Tight Lemon and Orange Supply in South Africa Will Reflect on Trade and Drive Prices up

Published Sep 19, 2023
The citrus export season in South Africa is set to end earlier than usual, with some areas witnessing a decline in supplies. The Eastern Cape has seen a volume shortfall, and the Citrus Growers Association of South Africa and the Fresh Produce Exporters Forum have stated that South African citrus will no longer be approved for shipment to the European Union from September 23. Trade is projected to be impacted by the early conclusion of the citrus export season and probable shortages during the changeover from Southern to Northern Hemisphere oranges. Alternative items like stone and soft fruits are expected to compete for store space and consumer attention.

The tight supply of lemons and oranges in South Africa (SA) is expected to significantly impact trade and drive up prices. The export season for citrus in SA will end earlier than usual, with some areas experiencing a four- to five-week reduction in supply. This is due to a clearer understanding of the size of the export crop over the past few months.

The estimate for Valencia oranges export has been reduced by 1 million cartons to 48.4 million 15 kilograms (kg) carton boxes, an 10.37% YoY decrease compared to 54 million boxes from previous year. The crop distribution on the trees differed from what was initially anticipated, resulting in a lighter overall harvest. Lower yields per hectare and larger fruit sizes have been observed across much of the country, particularly in the Eastern Cape, which experienced a significant volume shortage.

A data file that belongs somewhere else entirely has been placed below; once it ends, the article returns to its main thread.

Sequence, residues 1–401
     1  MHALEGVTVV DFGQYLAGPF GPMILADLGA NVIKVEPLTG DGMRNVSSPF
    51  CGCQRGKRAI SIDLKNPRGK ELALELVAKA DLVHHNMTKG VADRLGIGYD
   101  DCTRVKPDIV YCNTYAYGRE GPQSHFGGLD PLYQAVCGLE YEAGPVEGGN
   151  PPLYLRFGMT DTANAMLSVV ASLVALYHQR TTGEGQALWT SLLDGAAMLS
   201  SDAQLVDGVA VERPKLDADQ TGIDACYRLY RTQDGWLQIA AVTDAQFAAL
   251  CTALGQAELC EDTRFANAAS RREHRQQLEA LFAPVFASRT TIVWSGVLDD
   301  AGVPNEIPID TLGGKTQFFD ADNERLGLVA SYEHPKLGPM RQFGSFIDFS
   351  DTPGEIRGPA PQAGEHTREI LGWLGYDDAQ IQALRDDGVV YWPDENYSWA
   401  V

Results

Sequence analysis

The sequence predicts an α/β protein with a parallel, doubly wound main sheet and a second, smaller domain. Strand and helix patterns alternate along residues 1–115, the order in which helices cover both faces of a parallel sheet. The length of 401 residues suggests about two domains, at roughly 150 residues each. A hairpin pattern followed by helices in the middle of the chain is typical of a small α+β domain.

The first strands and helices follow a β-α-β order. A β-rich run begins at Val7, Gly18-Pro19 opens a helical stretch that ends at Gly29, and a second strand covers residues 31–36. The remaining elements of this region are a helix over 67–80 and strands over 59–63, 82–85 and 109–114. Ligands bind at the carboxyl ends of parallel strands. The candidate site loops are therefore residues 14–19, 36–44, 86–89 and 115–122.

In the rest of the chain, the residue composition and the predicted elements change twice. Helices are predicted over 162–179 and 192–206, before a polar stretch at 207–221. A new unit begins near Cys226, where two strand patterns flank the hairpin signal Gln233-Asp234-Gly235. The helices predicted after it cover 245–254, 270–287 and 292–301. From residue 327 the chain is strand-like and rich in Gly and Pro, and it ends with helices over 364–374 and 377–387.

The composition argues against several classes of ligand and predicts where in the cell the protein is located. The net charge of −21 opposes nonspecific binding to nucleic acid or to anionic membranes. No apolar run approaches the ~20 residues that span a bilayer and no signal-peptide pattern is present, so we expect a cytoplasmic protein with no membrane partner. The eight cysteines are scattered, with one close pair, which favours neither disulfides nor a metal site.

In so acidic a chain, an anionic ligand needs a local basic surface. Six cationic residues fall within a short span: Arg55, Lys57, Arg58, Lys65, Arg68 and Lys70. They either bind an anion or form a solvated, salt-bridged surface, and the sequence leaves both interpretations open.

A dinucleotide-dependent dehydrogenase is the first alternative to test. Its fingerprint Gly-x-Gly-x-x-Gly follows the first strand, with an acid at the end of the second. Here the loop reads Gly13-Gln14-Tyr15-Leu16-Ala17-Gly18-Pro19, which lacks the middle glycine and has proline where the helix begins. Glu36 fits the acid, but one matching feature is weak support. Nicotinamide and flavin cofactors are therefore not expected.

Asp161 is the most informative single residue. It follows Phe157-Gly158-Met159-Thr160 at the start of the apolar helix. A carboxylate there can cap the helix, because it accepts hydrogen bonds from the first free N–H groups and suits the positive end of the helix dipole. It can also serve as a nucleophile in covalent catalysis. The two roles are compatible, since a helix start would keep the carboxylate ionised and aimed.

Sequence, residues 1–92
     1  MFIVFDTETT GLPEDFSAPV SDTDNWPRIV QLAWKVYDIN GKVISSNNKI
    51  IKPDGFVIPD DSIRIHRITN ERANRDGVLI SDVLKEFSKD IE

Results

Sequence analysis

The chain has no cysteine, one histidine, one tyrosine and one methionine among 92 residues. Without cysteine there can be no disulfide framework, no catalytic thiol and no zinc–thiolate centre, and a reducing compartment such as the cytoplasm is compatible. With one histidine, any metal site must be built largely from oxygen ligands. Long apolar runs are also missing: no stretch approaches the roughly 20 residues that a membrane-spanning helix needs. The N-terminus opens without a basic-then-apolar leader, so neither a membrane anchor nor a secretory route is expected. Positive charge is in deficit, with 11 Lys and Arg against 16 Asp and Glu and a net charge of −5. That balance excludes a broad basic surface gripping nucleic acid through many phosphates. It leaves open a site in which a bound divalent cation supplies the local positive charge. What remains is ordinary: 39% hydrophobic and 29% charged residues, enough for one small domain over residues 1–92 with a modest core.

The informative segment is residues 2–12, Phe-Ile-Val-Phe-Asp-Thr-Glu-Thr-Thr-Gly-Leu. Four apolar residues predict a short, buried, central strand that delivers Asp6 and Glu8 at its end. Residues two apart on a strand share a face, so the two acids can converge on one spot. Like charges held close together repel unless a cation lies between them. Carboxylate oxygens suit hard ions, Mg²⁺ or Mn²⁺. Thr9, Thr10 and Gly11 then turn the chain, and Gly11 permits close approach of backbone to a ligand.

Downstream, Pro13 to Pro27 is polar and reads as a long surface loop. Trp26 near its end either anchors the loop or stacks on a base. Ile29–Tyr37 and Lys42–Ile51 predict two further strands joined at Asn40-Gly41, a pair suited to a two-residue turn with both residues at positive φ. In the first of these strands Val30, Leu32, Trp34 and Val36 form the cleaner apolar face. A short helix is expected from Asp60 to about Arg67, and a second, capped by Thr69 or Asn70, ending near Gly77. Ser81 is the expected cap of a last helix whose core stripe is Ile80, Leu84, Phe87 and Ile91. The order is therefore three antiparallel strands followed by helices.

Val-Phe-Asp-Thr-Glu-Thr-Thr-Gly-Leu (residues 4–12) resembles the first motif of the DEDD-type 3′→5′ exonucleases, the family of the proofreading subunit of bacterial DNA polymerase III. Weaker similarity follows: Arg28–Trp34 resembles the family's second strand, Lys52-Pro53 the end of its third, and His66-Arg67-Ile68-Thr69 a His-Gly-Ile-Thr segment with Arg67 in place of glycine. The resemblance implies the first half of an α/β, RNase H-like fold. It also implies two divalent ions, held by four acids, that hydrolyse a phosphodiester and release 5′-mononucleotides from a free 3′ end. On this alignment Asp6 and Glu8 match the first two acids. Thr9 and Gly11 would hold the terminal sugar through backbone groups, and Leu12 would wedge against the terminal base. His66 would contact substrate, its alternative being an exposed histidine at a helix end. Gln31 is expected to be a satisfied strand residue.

*For MY 2023 data is presented until the end of Q2-23

Source: TradeMap and Tridge

SA has decided to close its 2023 citrus season to Europe, placing supply for Q4-23 in the hands of European producers. The Citrus Growers Association of South Africa (CGA) and the Fresh Produce Exporters Forum (FPEF) confirmed that no South African citrus would be accepted for exports to the European Union (EU) from W3 of Sep-23. The early end of the citrus export season in SA, coupled with the potential shortage of lemons and oranges during the transition from the Southern to Northern Hemisphere citrus, is expected to impact trade. Prices in Europe have remained stable, largely due to lower citrus exports from South America caused by high inflation and shipping costs.

It is worth noting that next year's citrus season in SA may look different due to the favorable rainfall experienced this season. However, the current tight supply situation emphasizes the need to manage citrus supply and demand carefully. Increased competition is expected, as alternative products like stone and soft fruits will also be available. All these products will compete for the same shelf space and consumer attention. Tridge expects that the tight lemon and orange supply in SA will significantly impact trade and prices. The early end of the export season, coupled with potential shortages during the transition period, will create challenges for the citrus industry. 

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